What I’ve Learned From Having a Blog

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Article by Wendy McCance

The best part about having a blog is learning things about people you might not have known if not for the blog.  Each article I have written has given me the opportunity to find out what other people think of the topic I’m writing about.  I’ve been fortunate to see a topic take off and turn into a discussion that spanned the globe.  There is nothing better than hearing opinions from people all around the world.  It’s truly fascinating.

For whatever reason, the amount of interaction I received slowed down quite a bit once I went from using the free version of WordPress to the self-hosted version.  Weirdly enough, my traffic went way up, so did the amount of sharing on other social media sites.  At the same time, the amount of people leaving comments or showing they liked a topic went way down.  This might have something to do with the fact that some of the traffic on the free version was coming from people just looking to grow their own blog.  I remember going to visit blogs to thank people who had stopped by and began following my blog.  I wanted to check out what they were discussing and maybe follow them as well.  Many times in the comment section would be a long list of people thanking the blogger for stopping by their blog.  There wasn’t any comments based on a post written.  It was just a big move by the blogger to get a lot of traffic.  What I learned was numbers mean nothing when there is no true engagement.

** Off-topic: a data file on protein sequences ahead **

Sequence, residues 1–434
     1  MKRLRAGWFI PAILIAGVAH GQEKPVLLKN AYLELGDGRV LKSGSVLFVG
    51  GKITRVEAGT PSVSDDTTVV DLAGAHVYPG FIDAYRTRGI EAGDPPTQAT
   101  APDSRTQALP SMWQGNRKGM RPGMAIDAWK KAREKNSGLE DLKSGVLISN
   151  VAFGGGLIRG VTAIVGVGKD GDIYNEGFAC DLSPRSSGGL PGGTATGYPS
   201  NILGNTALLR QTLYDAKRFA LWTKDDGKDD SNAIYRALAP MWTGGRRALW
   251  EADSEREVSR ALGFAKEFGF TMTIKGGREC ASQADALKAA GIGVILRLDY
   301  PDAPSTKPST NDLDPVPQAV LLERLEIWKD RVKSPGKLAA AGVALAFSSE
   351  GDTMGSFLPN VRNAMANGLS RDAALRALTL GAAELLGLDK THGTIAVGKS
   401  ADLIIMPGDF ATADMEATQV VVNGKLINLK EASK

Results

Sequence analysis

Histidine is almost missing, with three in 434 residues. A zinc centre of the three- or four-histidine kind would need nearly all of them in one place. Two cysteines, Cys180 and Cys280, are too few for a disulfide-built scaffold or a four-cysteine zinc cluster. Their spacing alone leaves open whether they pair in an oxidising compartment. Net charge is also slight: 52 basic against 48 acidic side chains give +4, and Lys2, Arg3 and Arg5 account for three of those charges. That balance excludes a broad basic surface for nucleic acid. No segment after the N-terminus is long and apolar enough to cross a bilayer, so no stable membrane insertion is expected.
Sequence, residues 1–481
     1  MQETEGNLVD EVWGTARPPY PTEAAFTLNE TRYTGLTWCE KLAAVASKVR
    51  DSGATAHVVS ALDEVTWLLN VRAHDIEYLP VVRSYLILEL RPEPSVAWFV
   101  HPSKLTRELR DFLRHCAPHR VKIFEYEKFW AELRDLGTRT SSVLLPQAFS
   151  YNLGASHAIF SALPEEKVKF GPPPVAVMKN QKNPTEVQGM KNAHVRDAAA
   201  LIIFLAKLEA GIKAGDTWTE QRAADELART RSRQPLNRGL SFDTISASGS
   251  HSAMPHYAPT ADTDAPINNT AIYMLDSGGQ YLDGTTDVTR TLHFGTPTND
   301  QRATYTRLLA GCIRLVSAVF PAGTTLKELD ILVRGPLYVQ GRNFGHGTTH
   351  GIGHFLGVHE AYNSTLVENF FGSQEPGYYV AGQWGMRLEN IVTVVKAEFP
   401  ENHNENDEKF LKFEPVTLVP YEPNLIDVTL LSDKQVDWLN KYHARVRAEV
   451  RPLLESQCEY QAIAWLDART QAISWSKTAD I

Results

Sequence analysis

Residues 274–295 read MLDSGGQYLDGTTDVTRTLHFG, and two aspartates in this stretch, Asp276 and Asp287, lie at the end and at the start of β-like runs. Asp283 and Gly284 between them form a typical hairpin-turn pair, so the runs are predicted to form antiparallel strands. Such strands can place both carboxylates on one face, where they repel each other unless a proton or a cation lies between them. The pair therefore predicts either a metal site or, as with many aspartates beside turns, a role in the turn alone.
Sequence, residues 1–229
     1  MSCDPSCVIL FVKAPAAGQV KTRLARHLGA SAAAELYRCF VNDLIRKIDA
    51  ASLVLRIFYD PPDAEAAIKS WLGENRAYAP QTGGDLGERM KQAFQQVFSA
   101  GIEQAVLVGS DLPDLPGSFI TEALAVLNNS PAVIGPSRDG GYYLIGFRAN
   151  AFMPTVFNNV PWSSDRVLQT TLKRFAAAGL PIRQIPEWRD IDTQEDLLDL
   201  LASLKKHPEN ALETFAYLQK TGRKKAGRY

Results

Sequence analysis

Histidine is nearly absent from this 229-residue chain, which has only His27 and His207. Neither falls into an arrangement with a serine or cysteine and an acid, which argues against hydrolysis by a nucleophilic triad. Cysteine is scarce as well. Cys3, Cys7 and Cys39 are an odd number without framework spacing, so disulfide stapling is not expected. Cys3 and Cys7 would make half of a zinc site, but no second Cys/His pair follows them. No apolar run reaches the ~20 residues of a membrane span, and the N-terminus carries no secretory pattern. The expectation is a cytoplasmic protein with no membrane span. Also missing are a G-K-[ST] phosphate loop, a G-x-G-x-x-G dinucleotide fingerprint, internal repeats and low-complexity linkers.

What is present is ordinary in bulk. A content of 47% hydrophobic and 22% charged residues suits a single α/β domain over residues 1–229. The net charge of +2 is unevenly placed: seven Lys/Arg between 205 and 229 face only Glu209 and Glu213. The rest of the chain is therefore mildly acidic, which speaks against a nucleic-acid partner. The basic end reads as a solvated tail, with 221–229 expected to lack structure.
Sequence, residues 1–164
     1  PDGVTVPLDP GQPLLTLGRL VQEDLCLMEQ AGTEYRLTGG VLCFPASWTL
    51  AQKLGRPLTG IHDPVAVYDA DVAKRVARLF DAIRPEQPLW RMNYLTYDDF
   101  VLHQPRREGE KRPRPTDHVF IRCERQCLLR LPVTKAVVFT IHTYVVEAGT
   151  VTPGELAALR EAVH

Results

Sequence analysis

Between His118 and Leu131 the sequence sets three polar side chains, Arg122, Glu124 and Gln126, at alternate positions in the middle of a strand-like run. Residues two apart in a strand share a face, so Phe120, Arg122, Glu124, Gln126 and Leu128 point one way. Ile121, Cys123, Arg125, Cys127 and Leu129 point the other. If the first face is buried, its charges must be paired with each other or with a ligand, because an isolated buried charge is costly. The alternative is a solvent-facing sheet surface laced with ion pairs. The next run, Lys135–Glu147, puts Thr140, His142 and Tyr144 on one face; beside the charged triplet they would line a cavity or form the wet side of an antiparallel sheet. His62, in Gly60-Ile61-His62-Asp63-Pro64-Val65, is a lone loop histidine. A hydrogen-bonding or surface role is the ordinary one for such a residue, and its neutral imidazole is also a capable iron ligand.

Since switching over to a self-hosted version of WordPress, I have become more aware of what topics are popular and what topics fall flat.  I switched over from the free version of WordPress specifically so that I could start marketing myself and making money off my blog.  I have been fortunate to be able to test out different ideas to see if there was enough interest to create an eBook, class or consultation out of one of my ideas.

What has surprised me most, is that giving away a free session where I would audit your online presence was of no interest to anyone, but talking about being stuck with writer’s block has received an overwhelming amount of comments.

I love having a blog.  I love being surprised at what truly interests others.  Over the years, my most popular articles have been the most personal ones.  Nothing shocking in the posts, just one person’s thoughts on making their way through life’s ups and downs.  It’s what most everyone can relate to.

When it comes right down to it, my readers are happy to get information on writing, social media and blogging, but it’s the personal observations that hit the target every time.  I guess when it comes right down to it, people want to know they aren’t alone.  It’s reassuring to know that there is someone else out there who has had a similar experience and got through it just fine.

What about you?  Do you have a blog?  What has surprised you the most?  Do you read a lot of blogs?  What articles do you gravitate towards?

Wendy McCance